America’s Highways and Federal Money

America's Highways and Federal MoneyAmerica’s roads, bridges and mass transit are built and maintained by the Transportation Department’s U. S. Highway Trust Fund. You will recall that The U. S. Highway Trust Fund is a money reserve reportedly held in 3 accounts: the Highway Account for road construction; the Mass Transit Account for (you guessed it) mass transit; the Leaking Underground Storage Tank Trust Fund for (right again) dealing with leaking underground storage tanks.

Established in the mid1950’s, the Fund helps support hundreds of thousands of jobs and receives money from taxes: federal fuel taxes, truck tire taxes, taxes on truck and trailer sales and taxes on the use of heavy vehicles. The Fund has endured solvency problems since at least 2008, requiring special Congressional measures to keep the Fund financially competent.

The Fund’s authorization is set to expire on May 31, 2015. If Congress fails to authorize the Fund, it can pay its bills only through mid-summer. However, as of April 28, 2015, the Senate Finance Committee has failed to hold a bipartisan meeting or a Committee meeting on the subject. Why are they waiting? Good question. Some senators wrote to Finance Committee Chairman, Orrin Hatch, to act “swiftly.” Their letter can be accessed here: U.S. Senate Finance Letter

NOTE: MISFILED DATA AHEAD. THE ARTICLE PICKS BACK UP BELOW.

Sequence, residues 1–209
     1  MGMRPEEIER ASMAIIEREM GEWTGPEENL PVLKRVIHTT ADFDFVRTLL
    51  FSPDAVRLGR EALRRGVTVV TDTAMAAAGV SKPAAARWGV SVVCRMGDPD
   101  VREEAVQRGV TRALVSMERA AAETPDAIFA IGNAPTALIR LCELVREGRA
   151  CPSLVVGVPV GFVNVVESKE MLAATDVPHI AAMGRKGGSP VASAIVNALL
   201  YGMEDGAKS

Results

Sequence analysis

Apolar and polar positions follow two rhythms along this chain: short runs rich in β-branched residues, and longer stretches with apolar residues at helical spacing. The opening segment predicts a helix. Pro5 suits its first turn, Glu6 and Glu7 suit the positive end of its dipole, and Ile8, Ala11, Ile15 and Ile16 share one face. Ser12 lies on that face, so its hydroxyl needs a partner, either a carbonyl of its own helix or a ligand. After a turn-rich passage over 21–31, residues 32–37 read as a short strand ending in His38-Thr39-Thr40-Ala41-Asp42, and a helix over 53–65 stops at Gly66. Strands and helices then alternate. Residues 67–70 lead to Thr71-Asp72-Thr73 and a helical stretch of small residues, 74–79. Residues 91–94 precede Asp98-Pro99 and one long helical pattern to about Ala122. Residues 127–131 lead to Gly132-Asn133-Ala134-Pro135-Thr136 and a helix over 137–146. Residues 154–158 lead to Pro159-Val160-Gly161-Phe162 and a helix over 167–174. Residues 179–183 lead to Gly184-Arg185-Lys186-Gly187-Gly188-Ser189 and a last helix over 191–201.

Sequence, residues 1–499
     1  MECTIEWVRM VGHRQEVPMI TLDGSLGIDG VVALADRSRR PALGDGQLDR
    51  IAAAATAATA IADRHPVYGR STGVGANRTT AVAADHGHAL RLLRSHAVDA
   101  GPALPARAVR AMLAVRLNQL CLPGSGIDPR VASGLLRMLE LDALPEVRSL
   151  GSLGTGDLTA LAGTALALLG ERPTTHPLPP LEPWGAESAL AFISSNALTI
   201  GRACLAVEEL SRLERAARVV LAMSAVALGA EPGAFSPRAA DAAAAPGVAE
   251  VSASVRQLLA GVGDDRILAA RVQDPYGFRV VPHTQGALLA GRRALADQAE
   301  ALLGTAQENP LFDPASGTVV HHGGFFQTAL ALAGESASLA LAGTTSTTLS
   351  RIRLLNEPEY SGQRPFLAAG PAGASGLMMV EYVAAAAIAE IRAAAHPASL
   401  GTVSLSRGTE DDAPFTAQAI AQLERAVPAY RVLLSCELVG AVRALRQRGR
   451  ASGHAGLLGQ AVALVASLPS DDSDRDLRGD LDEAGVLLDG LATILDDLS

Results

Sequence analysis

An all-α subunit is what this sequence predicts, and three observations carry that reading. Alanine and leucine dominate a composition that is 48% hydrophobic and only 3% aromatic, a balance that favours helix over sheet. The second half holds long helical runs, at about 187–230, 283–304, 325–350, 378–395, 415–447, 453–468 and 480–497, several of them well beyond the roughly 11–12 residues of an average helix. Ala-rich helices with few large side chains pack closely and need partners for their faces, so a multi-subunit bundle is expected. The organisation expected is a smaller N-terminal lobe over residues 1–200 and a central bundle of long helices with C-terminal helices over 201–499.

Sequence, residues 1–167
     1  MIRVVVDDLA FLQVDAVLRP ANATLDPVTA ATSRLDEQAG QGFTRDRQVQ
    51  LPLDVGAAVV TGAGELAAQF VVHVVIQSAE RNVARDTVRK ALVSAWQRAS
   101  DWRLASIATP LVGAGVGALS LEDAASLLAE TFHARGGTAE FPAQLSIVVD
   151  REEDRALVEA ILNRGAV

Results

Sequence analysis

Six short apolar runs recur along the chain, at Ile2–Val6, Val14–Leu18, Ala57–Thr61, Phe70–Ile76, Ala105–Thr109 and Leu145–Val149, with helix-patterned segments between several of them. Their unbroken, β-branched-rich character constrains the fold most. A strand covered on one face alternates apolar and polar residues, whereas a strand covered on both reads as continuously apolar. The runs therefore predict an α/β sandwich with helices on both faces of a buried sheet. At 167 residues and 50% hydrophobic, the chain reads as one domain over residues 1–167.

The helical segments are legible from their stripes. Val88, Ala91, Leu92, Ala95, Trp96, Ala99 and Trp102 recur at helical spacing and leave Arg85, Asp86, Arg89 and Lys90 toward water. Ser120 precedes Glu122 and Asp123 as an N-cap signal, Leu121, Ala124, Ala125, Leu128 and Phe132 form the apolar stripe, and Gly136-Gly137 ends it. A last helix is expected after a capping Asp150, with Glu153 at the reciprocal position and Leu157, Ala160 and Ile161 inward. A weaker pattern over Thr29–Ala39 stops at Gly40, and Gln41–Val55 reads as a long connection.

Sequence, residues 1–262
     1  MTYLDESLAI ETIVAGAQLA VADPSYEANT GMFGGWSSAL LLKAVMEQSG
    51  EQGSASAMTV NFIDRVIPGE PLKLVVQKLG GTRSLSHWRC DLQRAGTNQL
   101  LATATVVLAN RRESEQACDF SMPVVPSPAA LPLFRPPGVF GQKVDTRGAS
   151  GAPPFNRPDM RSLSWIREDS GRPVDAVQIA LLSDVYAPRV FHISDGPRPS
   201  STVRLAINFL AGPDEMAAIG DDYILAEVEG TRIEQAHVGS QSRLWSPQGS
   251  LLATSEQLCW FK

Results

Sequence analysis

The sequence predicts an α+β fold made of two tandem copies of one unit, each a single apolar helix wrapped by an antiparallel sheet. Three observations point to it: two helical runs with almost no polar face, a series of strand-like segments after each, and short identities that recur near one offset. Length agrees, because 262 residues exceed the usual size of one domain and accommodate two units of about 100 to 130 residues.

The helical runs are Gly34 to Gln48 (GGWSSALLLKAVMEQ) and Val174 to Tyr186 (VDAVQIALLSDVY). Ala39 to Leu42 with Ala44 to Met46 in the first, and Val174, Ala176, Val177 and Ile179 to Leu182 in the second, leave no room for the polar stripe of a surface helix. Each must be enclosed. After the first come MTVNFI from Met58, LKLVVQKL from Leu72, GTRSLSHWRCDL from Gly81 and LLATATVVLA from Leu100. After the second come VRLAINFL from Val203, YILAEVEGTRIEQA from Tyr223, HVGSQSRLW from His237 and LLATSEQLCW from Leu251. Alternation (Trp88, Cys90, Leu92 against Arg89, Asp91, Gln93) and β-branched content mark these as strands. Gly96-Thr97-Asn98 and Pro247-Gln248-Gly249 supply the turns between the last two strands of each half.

Meanwhile, with fiscal problems of their own, 4 states have already stopped working on new infrastructure projects. They question the Fund’s ability to pay them.
Travel on our roads, bridges and mass transit reveals that America’s infrastructure requires maintenance at best and extensive repairs/replacement at worst. Here’s hoping the Finance Committee “shotguns a Red Bull” or does whatever else is necessary to authorize the Highway Trust Fund.

By Kathy Catanzarite

Source: Kathy Catanzarite – Staff Writer

Note from This article is to be used as an educational guide only and should not be interpreted as a legal consultation. Readers of this article are advised to seek an attorney if a legal consultation is needed. Laws may vary by state and are subject to change, thus the accuracy of this information can not be guaranteed. Readers act on this information solely at their own risk. Neither the author,, or any of its affiliates shall have any liability stemming from this article.